My involvement with the site was minimal. I landed on it to find information or satisfy a particular need, but my attitude towards it was neutral at best.
Forced to respond to a survey, I preferred to agree rather than face having to explain why I disagreed with the company. And I’m sure I wasn’t the only one leaving the company with completely useless feedback.
In addition to not truly knowing what we want, we humans are also awful at decision making.
Decisions take effort and labor. And we’ll go to great lengths to avoid making decisions. Or, often, we’ll simply skip the decision thought process completely by going with the default option we’re presented with.
(Dan Ariely has a great TEDtalk on the topic if you’re curious.)
In user research, pre-selecting or suggesting an answer in any way skims the research. Simply because many users will naturally go for the default option… if only to skip that torturous task of making a decision.
When you set off to conduct user research, usually the first thing on your mind is not how but what and why. You want to know what the users of your app need to be successful, and you want to know why they need those things. And (as often is the case), a customer survey comes up as a viable user research method (the how) for getting those answers efficiently.
Now let’s look at this hypothetical situation from the perspective of a user.
You launch your favorite app, one you just can’t live without…and you are greeted with a survey request. You shrug at it but since you use the app so much, you decide to help. But what seemed like a simple survey turns out to be pages upon pages of questions…leaving you stuck and frustrated instead of working on your stuff.
And tell me, at what point do you start picking responses at random to get to the end quicker?
You see, not every research medium is suitable for every situation.
For instance, users are more prone to filling in a quick survey while using an app, but they’d be more likely to provide long and in-depth answers outside of it.
Be considerate of the method you use to obtain your research. As a helpful tool, consider reviewing Christian Rohrer’s 3-dimensional framework for identifying when to use different user research methods.
The 3 dimensions include:
And include the following contextual methods to use:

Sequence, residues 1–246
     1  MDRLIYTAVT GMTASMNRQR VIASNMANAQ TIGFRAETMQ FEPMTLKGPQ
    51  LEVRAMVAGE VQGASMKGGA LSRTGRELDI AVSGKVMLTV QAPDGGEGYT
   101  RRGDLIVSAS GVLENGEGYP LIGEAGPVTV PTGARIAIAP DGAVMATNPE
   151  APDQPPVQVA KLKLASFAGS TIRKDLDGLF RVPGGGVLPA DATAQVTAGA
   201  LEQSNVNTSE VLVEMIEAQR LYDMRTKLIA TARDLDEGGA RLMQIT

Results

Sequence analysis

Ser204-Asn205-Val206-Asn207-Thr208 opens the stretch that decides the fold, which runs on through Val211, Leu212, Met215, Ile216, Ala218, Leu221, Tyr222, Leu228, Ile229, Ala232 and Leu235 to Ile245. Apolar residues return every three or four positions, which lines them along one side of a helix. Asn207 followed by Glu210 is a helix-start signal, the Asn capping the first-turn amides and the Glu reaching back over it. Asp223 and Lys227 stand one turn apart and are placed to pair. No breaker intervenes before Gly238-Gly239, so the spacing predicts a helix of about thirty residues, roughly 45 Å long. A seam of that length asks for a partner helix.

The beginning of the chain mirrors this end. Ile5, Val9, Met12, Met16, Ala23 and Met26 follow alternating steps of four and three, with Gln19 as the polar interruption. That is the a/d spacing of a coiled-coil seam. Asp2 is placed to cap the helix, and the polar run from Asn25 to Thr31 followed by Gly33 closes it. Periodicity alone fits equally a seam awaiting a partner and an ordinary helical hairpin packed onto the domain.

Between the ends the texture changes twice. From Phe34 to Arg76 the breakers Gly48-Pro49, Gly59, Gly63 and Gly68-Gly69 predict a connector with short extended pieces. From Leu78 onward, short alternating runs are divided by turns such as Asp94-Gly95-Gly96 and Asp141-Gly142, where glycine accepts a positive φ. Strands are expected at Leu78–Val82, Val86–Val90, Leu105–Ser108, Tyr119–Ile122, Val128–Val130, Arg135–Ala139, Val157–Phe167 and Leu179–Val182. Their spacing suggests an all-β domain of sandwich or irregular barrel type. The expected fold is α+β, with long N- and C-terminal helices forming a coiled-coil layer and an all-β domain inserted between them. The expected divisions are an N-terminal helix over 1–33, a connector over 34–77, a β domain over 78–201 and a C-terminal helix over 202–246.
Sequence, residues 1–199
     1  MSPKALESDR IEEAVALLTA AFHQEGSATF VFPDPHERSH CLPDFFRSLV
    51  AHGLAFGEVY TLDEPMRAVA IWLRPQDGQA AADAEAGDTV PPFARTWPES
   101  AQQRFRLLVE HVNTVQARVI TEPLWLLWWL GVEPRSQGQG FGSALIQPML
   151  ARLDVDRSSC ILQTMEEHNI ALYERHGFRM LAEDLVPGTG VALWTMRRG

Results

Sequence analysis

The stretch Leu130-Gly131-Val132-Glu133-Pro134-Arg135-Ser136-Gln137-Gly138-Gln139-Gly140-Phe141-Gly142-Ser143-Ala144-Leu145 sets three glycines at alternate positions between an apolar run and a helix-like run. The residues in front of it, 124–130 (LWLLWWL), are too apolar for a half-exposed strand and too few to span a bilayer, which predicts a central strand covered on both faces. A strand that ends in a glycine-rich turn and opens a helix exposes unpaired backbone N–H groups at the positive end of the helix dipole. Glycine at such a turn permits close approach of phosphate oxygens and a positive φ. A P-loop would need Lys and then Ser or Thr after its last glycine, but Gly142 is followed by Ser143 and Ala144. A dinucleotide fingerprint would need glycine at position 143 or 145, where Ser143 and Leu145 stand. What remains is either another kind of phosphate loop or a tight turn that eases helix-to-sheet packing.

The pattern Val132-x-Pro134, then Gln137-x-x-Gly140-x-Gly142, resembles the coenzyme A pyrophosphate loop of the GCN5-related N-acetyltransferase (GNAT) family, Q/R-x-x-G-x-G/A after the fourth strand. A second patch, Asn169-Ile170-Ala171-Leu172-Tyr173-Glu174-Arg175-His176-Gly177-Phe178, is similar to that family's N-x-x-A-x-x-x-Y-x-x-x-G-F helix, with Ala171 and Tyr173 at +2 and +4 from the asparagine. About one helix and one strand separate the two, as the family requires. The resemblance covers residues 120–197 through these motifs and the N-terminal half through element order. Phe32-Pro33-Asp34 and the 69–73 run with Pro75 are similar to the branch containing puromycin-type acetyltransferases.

Check out his thorough explanation for the framework, it’ll help you decide when to use different research methods.
This one should be pretty self explanatory. Just like we want to avoid building features for the sake of building, we want to avoid research for the sake of research. The purpose of user research is to learn; to find out what works, what to iterate on, and then, move to a new problem.
Reusing old ideas isn’t conducive to learning, at least not anything new.
Don’t start a new research study unless you have clearly defined what it is you want to learn from it and why.
It may seem a bit odd to suggest testing your testing method, but trust me, you cannot neglect this step.
Imagine spending hours designing a user research study, writing the perfect user research questions, and building your survey. You launch the new research project, put up a survey in the app for all users to see. A day later, you discover that the script is broken…or that your questions confused most users…
As a result, you receive no feedback, or feedback that is simply not useful.
All that trouble could have been prevented. And that’s why you must pilot test your user research methods. A pilot test can help establish whether your research will generate viable feedback, and can also be used to check that all technical parts are working too.
Whenever you launch a new research project, send it to a single participant first. If they get confused or can’t complete it for any other reason, revise it. Make sure that users can understand your tasks or questions and that you receive their feedback. Then, rinse and repeat the test until you’re 100% sure your research is going to produce meaningful results.